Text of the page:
(RxWiki News) Do blondes really have more fun? Could be, but not in the sun. Having fair skin and hair bumps up a person's risk of melanoma, the deadliest skin cancer. Scientists have found that gene errors also increase risks.
Defects in three new genes that have nothing to do with skin type, hair or eye color are now known to increase a person's risk of developing melanoma.
"Use sunscreen and common sense to protect yourself and your children."
Known melanoma risk factors include having blond or red hair; blue or green eyes; fair skin; numerous moles; easily burning in the sun and having a family history of the disease.
Previous studies have shown that five genes having to do with skin pigmentation and three genes that regulate mole formation are also associated with increased melanoma risks.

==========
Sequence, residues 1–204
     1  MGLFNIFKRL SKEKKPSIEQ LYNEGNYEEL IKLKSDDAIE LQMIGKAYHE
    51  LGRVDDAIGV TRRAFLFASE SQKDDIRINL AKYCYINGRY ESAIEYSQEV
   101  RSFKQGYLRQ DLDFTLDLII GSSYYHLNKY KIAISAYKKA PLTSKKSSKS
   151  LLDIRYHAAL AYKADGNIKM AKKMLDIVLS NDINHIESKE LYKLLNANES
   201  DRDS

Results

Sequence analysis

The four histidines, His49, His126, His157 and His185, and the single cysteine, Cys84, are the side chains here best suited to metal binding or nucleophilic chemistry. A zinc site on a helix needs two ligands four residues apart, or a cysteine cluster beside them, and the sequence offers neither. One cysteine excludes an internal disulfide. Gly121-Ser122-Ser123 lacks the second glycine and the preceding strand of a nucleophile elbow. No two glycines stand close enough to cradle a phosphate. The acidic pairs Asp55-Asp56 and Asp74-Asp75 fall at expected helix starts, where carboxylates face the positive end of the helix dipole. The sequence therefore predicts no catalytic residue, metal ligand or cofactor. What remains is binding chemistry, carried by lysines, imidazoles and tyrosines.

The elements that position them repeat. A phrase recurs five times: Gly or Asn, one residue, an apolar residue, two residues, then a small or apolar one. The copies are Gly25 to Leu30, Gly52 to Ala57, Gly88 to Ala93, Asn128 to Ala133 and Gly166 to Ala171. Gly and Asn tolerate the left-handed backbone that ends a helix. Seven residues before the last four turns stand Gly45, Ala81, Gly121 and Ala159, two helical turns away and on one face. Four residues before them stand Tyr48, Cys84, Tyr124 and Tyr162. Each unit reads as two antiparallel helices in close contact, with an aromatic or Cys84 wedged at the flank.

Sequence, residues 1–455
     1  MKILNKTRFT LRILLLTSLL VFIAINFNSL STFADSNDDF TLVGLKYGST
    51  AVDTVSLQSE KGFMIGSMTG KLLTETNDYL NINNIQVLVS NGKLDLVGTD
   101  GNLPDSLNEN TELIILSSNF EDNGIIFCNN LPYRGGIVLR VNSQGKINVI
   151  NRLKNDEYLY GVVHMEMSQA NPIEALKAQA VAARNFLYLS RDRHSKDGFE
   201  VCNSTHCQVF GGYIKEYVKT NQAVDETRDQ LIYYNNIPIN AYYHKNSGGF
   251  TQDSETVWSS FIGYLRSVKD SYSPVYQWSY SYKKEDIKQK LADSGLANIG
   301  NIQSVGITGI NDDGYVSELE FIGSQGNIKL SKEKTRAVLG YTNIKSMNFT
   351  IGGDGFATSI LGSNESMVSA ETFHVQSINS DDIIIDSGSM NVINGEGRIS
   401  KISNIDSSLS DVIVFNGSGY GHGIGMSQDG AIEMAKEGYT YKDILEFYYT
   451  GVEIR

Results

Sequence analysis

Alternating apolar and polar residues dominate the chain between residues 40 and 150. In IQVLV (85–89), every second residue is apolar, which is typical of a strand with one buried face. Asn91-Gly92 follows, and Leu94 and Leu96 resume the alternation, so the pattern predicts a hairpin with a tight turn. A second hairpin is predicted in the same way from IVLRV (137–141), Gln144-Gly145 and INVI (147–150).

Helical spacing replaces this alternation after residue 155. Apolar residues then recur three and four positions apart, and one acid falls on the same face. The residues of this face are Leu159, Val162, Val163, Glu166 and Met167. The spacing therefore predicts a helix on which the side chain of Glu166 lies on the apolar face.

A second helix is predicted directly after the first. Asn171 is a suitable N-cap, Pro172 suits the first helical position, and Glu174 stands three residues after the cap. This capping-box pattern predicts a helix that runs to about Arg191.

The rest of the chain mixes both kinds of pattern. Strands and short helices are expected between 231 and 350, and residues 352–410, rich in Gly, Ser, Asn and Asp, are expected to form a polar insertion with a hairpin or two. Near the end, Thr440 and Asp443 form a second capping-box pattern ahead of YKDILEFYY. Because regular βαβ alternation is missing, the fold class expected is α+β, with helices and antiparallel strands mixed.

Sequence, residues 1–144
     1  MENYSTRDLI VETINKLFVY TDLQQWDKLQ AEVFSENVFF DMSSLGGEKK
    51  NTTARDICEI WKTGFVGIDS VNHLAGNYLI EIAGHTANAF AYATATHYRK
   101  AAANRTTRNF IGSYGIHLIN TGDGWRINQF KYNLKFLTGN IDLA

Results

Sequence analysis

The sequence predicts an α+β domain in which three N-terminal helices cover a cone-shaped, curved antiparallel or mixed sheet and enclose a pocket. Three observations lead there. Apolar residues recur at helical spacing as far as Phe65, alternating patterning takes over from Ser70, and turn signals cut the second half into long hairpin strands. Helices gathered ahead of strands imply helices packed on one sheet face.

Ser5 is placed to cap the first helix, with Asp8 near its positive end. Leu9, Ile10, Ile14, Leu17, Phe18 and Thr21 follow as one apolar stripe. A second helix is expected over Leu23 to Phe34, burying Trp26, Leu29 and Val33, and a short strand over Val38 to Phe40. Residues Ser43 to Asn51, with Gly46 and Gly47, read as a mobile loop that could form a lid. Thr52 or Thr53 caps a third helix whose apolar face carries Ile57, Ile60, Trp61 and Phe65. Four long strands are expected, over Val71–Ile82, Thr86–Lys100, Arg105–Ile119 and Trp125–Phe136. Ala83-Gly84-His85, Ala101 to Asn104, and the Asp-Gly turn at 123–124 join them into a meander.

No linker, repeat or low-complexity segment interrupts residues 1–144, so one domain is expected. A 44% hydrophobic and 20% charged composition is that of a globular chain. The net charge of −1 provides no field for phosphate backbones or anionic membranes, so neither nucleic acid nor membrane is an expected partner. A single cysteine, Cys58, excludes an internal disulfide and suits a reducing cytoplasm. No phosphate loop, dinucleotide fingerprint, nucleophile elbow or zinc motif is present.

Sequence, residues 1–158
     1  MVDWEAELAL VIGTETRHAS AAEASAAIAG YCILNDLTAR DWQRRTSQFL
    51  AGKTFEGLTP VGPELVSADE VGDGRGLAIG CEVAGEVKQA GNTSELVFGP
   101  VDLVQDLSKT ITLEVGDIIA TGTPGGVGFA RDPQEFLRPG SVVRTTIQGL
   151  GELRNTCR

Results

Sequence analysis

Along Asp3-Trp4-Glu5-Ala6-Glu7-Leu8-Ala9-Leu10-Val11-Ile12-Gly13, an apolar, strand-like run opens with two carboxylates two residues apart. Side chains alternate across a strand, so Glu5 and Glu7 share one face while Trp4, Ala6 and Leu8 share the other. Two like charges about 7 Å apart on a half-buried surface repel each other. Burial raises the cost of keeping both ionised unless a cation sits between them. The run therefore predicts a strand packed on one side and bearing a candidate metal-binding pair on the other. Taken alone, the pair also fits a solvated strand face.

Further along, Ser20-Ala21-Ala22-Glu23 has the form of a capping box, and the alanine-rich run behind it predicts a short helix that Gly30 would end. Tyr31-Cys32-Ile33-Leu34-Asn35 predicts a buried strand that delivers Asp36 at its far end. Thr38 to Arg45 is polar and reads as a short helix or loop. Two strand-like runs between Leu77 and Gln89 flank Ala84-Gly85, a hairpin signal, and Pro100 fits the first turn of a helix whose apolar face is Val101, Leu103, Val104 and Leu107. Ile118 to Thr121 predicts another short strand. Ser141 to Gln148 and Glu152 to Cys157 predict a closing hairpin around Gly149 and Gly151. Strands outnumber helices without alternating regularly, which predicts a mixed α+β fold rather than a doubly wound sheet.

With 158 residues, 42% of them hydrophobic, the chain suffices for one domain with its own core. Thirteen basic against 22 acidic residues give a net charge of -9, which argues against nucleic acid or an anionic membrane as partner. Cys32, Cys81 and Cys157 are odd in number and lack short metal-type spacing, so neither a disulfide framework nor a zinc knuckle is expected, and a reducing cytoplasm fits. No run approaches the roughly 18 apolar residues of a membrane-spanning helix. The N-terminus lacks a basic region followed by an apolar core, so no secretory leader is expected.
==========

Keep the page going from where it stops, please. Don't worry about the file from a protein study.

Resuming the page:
Cancer researchers examined the genes in blood samples of nearly 3,000 Europeans with melanoma and compared them with the general population.
The three newly identified genes are involved in a number of functions, including narcolepsy (sleep disorder), DNA repair and controlling cell reproduction.
According to the study authors, the average risk of getting melanoma is about one in 60. If someone has two copies of these gene faults, that risk increases to one in 46.
While overexposure to sun increases overall skin cancer risks, this genetic combination may assist in identifying people at high risk of melanoma and other cancers, according to the lead author, Professor Tim Bishop, with the Cancer Research UK centre at the University of Leeds.
Findings from this study are published in October 9, 2011 issue of Nature Genetics.